Listening to Mandy Harvey sing, you would never guess that her world went silent more than two years ago, altering the future she'd imagined. "I went to CSU for vocal music education," Harvey said. "And while I was there for the first month or so, I noticed that I was having trouble hearing my teachers." Even a long history of ear infections and surgeries would not foretell the personal tragedy that would follow.
"In a year's time I had gone from being slightly hard of hearing, as I have been all my life, to gone," Harvey said. That's when the depression set in. I locked myself in my dorm room for two weeks solid, and I didn't leave," Harvey said.
The deafness, caused by nerve damage, forced her to drop out of the music education program, and she eventually left school and her hopes of performing behind. That is, until she recorded a song at home for her boyfriend. "And my dad would listen to the recording, he's like that's it, that's it, you have it still," Harvey said. "And so it was like this eureka moment."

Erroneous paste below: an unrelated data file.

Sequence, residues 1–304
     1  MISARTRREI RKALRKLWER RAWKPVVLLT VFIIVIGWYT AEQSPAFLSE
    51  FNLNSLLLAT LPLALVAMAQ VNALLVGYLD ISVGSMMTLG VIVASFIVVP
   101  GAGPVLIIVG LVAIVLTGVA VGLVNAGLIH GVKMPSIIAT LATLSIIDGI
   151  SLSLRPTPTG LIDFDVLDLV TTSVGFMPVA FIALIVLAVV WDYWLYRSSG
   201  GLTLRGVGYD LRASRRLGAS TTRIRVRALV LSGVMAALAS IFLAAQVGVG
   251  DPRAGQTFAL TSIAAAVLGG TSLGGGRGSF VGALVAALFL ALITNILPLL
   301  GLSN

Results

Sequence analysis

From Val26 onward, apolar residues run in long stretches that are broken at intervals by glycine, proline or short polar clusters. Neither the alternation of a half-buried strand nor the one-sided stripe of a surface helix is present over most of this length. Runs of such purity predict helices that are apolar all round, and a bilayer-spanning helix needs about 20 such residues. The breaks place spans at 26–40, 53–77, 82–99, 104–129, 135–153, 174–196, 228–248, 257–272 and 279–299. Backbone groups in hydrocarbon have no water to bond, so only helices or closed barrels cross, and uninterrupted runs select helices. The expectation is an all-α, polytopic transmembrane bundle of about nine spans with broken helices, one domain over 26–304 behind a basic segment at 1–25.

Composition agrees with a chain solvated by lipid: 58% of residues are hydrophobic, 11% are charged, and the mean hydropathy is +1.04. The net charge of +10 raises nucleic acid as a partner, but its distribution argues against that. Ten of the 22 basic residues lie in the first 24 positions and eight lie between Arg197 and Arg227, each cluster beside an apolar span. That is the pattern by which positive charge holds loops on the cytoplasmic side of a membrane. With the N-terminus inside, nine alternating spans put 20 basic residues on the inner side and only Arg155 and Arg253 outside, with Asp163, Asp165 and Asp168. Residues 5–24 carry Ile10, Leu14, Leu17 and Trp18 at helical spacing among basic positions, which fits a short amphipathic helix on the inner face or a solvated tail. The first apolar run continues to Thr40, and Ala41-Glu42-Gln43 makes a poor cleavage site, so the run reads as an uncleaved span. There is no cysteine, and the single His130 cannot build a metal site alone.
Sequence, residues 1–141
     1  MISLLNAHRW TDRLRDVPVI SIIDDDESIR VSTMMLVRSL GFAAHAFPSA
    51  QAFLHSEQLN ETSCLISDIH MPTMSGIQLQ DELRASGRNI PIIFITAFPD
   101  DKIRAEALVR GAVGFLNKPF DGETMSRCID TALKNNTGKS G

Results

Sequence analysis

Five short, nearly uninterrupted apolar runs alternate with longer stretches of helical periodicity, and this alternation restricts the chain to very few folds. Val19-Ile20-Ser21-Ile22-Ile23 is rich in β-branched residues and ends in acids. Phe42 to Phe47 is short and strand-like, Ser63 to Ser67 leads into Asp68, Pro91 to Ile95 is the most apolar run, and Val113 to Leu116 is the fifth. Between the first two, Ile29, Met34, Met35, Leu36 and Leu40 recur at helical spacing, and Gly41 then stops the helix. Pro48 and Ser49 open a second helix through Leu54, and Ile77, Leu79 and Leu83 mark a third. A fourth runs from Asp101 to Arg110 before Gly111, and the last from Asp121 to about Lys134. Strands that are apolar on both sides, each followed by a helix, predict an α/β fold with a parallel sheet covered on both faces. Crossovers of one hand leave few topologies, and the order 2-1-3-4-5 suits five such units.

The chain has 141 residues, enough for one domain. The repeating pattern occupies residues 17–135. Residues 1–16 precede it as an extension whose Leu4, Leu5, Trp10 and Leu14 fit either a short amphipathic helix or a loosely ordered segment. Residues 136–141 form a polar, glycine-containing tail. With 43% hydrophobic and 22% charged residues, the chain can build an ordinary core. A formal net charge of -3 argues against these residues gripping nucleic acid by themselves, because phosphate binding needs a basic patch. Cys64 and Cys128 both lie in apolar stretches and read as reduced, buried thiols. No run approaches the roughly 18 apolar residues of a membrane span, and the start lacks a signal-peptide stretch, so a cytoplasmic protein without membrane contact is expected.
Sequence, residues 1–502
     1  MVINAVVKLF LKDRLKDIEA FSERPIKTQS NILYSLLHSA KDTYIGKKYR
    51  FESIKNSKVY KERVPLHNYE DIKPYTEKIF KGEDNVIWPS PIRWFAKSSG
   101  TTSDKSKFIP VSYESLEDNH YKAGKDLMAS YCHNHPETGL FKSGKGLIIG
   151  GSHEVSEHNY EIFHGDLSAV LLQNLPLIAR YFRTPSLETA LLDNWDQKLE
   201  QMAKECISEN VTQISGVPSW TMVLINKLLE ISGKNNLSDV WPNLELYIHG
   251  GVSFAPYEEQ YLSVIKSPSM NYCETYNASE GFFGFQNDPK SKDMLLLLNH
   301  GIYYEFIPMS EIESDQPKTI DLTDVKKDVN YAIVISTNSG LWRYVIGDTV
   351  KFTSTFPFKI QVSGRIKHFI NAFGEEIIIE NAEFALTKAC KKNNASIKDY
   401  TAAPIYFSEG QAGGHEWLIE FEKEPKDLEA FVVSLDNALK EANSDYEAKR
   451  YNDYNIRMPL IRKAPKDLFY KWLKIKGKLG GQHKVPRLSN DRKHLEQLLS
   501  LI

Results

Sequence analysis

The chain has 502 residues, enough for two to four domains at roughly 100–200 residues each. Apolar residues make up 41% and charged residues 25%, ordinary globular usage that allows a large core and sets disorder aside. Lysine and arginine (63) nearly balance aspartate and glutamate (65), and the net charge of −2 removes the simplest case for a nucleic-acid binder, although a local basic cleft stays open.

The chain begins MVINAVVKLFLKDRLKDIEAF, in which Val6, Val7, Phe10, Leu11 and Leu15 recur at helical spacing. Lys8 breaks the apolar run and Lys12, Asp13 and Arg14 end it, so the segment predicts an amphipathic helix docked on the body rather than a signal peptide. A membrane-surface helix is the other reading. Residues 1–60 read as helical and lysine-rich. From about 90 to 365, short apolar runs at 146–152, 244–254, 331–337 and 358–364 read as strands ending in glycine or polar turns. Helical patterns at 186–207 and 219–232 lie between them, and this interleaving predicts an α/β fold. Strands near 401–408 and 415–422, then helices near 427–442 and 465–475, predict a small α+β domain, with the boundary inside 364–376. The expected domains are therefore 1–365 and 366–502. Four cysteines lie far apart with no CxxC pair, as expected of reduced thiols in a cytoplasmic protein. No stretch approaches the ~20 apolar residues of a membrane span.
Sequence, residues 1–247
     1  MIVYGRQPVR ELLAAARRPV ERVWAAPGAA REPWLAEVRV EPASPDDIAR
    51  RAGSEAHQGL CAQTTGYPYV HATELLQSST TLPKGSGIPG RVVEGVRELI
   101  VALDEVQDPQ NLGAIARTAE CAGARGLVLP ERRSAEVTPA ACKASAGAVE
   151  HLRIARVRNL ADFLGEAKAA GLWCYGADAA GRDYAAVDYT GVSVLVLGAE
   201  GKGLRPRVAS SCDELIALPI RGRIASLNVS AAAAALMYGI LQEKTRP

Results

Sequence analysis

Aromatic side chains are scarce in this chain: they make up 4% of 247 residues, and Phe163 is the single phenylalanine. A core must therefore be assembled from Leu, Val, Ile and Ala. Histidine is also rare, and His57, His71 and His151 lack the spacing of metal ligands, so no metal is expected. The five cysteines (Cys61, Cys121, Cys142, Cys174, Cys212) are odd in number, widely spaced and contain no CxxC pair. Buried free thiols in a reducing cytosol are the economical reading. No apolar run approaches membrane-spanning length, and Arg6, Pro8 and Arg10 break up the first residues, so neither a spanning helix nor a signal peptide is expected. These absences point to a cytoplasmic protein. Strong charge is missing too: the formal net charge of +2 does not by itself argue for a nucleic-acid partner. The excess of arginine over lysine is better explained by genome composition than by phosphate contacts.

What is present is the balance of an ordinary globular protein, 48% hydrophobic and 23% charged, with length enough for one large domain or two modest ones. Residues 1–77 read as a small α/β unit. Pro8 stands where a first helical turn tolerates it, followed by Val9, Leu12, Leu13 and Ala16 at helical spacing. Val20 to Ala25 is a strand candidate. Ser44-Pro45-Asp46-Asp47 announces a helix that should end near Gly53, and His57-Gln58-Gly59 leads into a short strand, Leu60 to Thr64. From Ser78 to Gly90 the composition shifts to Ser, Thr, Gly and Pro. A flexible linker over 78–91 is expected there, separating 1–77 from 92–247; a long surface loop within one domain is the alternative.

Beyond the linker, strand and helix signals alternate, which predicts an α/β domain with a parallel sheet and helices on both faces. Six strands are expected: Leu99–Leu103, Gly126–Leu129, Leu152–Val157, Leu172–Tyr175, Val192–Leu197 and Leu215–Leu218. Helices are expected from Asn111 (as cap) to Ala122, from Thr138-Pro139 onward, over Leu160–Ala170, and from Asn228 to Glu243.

That's when Harvey reached out to Cynthia Vaughn, her vocal instructor during high school and college. "I e-mailed her and asked her if I could have a voice lesson again, and I think she might have thought I was crazy," Harvey said. Vaughn invited Harvey to tour her new studio, not knowing what to expect.
"I do know that she walked in the door with a stack of music and I thought 'oh lord, she thinks we're having a singing lesson'," Vaughn said. The pair sat down at the piano, and Vaughn played a five note descending scale, which Harvey sang, perfectly in tune. "I really almost fell off the piano bench," said Vaughn.
Unable to hear her own voice, Harvey now sings by the memory of notes, sight reading and sensation. "Well you get different vibrations, like the deeper ones hit in a different spot and they are thicker," Harvey said. "And then lighter ones you can feel up higher and they kind of tingle. I don't want to be famous, I want to be a person who gives people hope," Harvey said. She has already recorded one jazz CD, and plans to record three more by her 30th birthday, so she can share her music with her future children and grandchildren should she ever lose her ability to perform.